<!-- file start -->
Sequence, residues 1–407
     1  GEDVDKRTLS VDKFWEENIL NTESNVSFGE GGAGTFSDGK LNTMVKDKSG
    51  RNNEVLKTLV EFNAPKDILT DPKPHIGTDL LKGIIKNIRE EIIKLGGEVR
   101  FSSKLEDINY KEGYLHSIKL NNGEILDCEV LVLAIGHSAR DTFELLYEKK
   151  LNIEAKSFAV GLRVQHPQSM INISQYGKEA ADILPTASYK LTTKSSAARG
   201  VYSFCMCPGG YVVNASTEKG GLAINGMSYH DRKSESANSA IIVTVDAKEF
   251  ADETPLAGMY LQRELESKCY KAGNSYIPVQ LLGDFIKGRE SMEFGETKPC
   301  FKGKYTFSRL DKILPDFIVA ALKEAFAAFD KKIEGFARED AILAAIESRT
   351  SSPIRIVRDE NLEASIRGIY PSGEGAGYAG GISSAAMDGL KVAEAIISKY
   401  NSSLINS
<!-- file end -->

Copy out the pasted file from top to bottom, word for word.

Sequence, residues 1–407
     1  GEDVDKRTLS VDKFWEENIL NTESNVSFGE GGAGTFSDGK LNTMVKDKSG
    51  RNNEVLKTLV EFNAPKDILT DPKPHIGTDL LKGIIKNIRE EIIKLGGEVR
   101  FSSKLEDINY KEGYLHSIKL NNGEILDCEV LVLAIGHSAR DTFELLYEKK
   151  LNIEAKSFAV GLRVQHPQSM INISQYGKEA ADILPTASYK LTTKSSAARG
   201  VYSFCMCPGG YVVNASTEKG GLAINGMSYH DRKSESANSA IIVTVDAKEF
   251  ADETPLAGMY LQRELESKCY KAGNSYIPVQ LLGDFIKGRE SMEFGETKPC
   301  FKGKYTFSRL DKILPDFIVA ALKEAFAAFD KKIEGFARED AILAAIESRT
   351  SSPIRIVRDE NLEASIRGIY PSGEGAGYAG GISSAAMDGL KVAEAIISKY
   401  NSSLINS